Rats that were treated with a single dose of vehicle or emixustat were exposed to photobleach and then placed in the dark or ambient light. MEMRI images were obtained. In pseudo-color images from these animals, the blue color represents high cation concentration and yellow represents low cation concentration (Fig. 1). The blue color in the dark-adapted condition is consistent with high channel conductance and the high dark current. The light-adapted vehicle-treated retina has reduced activity and, therefore, is yellow. The emixustat-treated dark adapted retina mimics the light-adapted retina and, hence, is represented by yellow. 
Figure 1
 
Pseudo-colored MEMRI images. Adult male Brown Norway Rats were treated with emixustat or vehicle (water) as indicated. Two hours later, rats were subjected to a photobleach and treated with the contrast agent MnCl2. After 4 hours of dark adaption, MEMRI measurements were obtained. Light control animals (middle row) received the MnCl2, but not emixustat treatment and remained in the light instead of undergoing 4 hours of dark adaptation. A change from blue to yellow represents a transition from high to low cation channel conductance. Blue color in the dark-adapted condition (upper row) is consistent with high channel conductance and the dark current. Yellow color in the light-adapted condition (middle) indicates reduced channel conductance. Treatment with emixustat mimics the light-adapted vehicle-treated condition.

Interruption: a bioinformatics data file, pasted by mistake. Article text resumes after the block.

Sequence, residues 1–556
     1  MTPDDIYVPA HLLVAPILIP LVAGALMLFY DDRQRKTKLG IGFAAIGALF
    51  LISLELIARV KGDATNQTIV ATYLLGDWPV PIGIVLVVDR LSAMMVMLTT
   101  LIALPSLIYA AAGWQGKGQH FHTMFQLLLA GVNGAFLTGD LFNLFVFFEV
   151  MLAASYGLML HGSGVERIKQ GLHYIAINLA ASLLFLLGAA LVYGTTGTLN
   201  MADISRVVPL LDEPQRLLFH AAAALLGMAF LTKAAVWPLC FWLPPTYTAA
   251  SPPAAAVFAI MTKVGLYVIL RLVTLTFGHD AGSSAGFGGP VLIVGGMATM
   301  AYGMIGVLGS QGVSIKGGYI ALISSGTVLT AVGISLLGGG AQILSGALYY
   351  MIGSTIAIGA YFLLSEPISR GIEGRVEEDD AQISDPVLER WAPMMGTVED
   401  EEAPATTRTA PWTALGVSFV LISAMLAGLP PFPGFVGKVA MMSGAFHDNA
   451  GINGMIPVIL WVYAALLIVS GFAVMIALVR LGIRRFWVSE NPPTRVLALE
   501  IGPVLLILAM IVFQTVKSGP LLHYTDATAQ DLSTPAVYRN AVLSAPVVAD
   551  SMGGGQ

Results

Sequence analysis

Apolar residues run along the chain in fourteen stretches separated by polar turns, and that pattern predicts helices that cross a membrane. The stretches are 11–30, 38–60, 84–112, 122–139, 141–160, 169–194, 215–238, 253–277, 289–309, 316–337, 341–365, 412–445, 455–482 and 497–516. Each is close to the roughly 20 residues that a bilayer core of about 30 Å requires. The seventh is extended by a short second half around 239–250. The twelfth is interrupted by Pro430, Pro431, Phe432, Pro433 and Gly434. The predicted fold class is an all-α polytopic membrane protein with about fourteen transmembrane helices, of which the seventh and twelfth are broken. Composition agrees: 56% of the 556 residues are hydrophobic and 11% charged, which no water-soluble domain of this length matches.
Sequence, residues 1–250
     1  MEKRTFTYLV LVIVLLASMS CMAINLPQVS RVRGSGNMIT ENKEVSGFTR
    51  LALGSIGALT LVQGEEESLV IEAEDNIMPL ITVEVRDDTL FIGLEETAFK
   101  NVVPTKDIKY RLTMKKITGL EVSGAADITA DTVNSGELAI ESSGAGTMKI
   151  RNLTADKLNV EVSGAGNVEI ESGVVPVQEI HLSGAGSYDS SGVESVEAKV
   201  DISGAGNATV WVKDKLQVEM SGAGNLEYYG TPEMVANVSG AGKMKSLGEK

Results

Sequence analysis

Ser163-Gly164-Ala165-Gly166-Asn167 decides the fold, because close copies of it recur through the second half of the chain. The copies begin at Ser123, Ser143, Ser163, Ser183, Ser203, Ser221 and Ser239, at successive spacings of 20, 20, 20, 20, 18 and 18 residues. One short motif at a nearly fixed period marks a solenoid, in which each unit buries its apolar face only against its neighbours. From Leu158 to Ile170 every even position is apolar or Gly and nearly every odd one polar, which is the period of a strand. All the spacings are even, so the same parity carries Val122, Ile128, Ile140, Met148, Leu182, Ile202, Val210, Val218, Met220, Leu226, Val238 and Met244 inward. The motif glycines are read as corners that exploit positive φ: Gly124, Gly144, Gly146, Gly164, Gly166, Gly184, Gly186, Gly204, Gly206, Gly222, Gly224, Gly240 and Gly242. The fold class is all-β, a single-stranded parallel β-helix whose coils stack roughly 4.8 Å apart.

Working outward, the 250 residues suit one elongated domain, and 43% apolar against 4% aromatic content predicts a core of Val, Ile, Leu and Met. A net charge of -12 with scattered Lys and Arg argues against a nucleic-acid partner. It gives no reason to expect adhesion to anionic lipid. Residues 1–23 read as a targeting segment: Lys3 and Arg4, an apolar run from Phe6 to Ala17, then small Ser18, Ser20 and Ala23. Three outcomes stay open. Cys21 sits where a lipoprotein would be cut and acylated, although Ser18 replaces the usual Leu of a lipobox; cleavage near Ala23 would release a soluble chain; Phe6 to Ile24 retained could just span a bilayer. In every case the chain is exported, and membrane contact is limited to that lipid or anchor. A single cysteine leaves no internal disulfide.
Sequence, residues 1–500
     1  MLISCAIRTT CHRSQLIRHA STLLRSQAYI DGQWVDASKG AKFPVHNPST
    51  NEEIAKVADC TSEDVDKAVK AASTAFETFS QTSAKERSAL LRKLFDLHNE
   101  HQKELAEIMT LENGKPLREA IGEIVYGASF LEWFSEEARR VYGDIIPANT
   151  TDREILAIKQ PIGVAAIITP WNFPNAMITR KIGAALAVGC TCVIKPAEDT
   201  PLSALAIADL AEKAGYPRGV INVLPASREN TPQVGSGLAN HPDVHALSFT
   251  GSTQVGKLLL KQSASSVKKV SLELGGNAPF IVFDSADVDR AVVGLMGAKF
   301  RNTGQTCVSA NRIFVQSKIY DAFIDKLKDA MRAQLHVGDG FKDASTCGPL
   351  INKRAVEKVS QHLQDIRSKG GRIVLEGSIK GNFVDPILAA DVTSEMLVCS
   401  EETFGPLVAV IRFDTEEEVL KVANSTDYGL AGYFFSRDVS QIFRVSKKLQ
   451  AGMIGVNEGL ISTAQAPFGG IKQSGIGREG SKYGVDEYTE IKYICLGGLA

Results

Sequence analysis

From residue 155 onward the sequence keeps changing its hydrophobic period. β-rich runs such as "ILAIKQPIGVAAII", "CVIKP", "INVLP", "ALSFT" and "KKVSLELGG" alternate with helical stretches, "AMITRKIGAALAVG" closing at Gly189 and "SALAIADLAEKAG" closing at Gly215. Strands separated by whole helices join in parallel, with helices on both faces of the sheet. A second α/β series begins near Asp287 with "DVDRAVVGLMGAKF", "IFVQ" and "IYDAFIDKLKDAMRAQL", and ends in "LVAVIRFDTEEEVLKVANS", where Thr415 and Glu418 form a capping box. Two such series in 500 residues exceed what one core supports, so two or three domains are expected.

Figure 1
 
Pseudo-colored MEMRI images. Adult male Brown Norway Rats were treated with emixustat or vehicle (water) as indicated. Two hours later, rats were subjected to a photobleach and treated with the contrast agent MnCl2. After 4 hours of dark adaption, MEMRI measurements were obtained. Light control animals (middle row) received the MnCl2, but not emixustat treatment and remained in the light instead of undergoing 4 hours of dark adaptation. A change from blue to yellow represents a transition from high to low cation channel conductance. Blue color in the dark-adapted condition (upper row) is consistent with high channel conductance and the dark current. Yellow color in the light-adapted condition (middle) indicates reduced channel conductance. Treatment with emixustat mimics the light-adapted vehicle-treated condition.